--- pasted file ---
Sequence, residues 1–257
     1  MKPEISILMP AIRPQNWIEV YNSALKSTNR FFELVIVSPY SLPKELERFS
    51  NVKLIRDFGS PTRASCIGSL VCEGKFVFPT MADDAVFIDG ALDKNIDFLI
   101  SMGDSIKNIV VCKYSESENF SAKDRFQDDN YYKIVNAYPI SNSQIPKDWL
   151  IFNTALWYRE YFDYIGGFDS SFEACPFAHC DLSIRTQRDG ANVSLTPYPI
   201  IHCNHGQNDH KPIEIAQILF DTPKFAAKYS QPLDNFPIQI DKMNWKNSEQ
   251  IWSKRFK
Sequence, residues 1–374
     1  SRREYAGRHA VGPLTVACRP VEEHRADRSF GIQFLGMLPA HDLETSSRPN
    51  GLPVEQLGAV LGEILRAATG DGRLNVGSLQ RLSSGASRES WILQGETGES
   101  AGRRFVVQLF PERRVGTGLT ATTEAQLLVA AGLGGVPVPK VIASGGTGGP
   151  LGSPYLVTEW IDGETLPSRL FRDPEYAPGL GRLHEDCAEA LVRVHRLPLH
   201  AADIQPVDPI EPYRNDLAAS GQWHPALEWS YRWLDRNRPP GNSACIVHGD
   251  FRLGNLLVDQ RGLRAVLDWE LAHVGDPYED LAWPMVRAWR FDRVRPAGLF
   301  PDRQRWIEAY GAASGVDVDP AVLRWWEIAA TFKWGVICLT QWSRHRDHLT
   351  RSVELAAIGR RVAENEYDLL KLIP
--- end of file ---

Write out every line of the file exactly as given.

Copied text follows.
Sequence, residues 1–257
     1  MKPEISILMP AIRPQNWIEV YNSALKSTNR FFELVIVSPY SLPKELERFS
    51  NVKLIRDFGS PTRASCIGSL VCEGKFVFPT MADDAVFIDG ALDKNIDFLI
   101  SMGDSIKNIV VCKYSESENF SAKDRFQDDN YYKIVNAYPI SNSQIPKDWL
   151  IFNTALWYRE YFDYIGGFDS SFEACPFAHC DLSIRTQRDG ANVSLTPYPI
   201  IHCNHGQNDH KPIEIAQILF DTPKFAAKYS QPLDNFPIQI DKMNWKNSEQ
   251  IWSKRFK
Sequence, residues 1–374
     1  SRREYAGRHA VGPLTVACRP VEEHRADRSF GIQFLGMLPA HDLETSSRPN
    51  GLPVEQLGAV LGEILRAATG DGRLNVGSLQ RLSSGASRES WILQGETGES
   101  AGRRFVVQLF PERRVGTGLT ATTEAQLLVA AGLGGVPVPK VIASGGTGGP
   151  LGSPYLVTEW IDGETLPSRL FRDPEYAPGL GRLHEDCAEA LVRVHRLPLH
   201  AADIQPVDPI EPYRNDLAAS GQWHPALEWS YRWLDRNRPP GNSACIVHGD
   251  FRLGNLLVDQ RGLRAVLDWE LAHVGDPYED LAWPMVRAWR FDRVRPAGLF
   301  PDRQRWIEAY GAASGVDVDP AVLRWWEIAA TFKWGVICLT QWSRHRDHLT
   351  RSVELAAIGR RVAENEYDLL KLIP